By Barbara Smith
Barbara wrote the following for a heritage site I was trying to get going. Unfortunately wasn’t getting interest, so I shuttered it. The post is still useful and insightful though!
Back in the “really” old days, when dad (Hay Smith) was school age, the school in Aspen Brook had a full time teacher, but then for a number of years there were no, or not enough children to warrant one and the school was completely closed.
When I reached school age, mom (Cecelia Smith) and others started advocating for a teacher to get the school opened. However, because the number of children was too few, the Department of Education said it did not warrant a teacher. I was home schooled from kindergarten (if there was kindergarten then) until grade 2 (before official home schooling was even known in our area). I had a desk (borrowed from the old school) in the kitchen and each morning there was a specific time period when I had to do my work.
Aunt Rose (Bowring, nee Adey) who was teaching grade two in Corner Brook at the time, would send mom the curriculum and materials her school was using, I would complete all the work and tests and mom would send the tests back to her for grading.
By the time I reached grade three we were given funding for a half time teacher for the community. For grades 3-5 I attended the school in Aspen Brook for half the year and then went to Snook’s Harbour for the second half. Throughout all this time Snook’s Harbour school was open all year round as I recall. The building has been gone for many years now, but was located next door to the church and in front of the cemetery. One room of course and like all public buildings then, only one door (so much for fire escapes). As in all the communities, it was the centre for education and “times” and all community functions.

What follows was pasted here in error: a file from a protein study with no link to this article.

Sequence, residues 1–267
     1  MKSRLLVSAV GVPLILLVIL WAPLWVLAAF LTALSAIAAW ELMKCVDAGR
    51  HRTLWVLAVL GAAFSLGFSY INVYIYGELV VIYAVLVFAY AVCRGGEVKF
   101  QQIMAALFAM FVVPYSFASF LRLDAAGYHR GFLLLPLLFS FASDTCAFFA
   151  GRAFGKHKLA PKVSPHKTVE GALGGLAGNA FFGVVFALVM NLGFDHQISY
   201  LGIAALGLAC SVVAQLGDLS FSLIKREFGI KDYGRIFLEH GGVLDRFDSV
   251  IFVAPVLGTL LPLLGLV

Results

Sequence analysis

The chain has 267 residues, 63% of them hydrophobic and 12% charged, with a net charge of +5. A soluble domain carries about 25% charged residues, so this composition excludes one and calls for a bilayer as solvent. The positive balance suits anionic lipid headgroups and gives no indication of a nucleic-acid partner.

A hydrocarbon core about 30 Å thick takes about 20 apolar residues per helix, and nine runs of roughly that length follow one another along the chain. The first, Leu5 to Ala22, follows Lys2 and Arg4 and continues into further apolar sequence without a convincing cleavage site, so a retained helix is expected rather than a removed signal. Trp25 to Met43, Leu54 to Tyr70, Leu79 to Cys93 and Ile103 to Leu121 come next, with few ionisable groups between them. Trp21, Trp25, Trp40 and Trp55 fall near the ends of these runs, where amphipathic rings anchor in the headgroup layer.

I do have some vivid memories of Snook’s Harbour School: the teacher had a table at the front as the desk and one particular teacher would get so mad he’d overturn the desk in his anger, on a regular basis!! But playing baseball on the field out by the water at recess and after lunch was always fun. I’d walk to Aunt Vic’s for lunch and occasionally if the weather was bad would stay there overnight.
For my grades 6, 7 and 8 we had a full time teacher in Aspen Brook and then for high school (9-11) I went to board in Clarenville, going up Monday morning with whoever was going up to work, sometimes getting to come home overnight on Wednesday night, but always getting home on Friday.
Raised in outport Newfoundland in a town of 65 people, I pursued a post secondary diploma in Information Technology right out of High School.
I’ve always been a geek at heart, but yet I love the rural life I grew up with. Fishing, hunting, camping and the great outdoors are still loves of mine, even if I don’t pursue them as often as I once did. Sports were always a big part of our lives, and I played many (badly) and loved them all.
- Salt Fish and ScrunchionsHere in Nova Scotia the tradition for Christmas Eve seems to be lobster (blech). Back home in Newfoundland, or at least my part of it, the traditional Christmas Eve meal was salt fish (cod) and scrunchions. Scrunchions are basically small pieces of fat back pork, fried up crispy (like bacon …
- Church in Small TownsWhile I’m no avid church goer, the church of years ago was more than about the service. Each small town had its own church, with unbelievable amounts of local work and wealth (or lack of wealth) invested in it. I remember the pulpit and pews in our old church probably cost more …
- Handy Andy Entertainment StoreHandy Andy Associate store was located on Marine Drive in Clarenville, and sold camping and fishing gear, bikes, and automotive parts. But I think the biggest draw there was entertainment. It was always a favorite spot to go to look at new fishing rods and reels, as well as tackle. …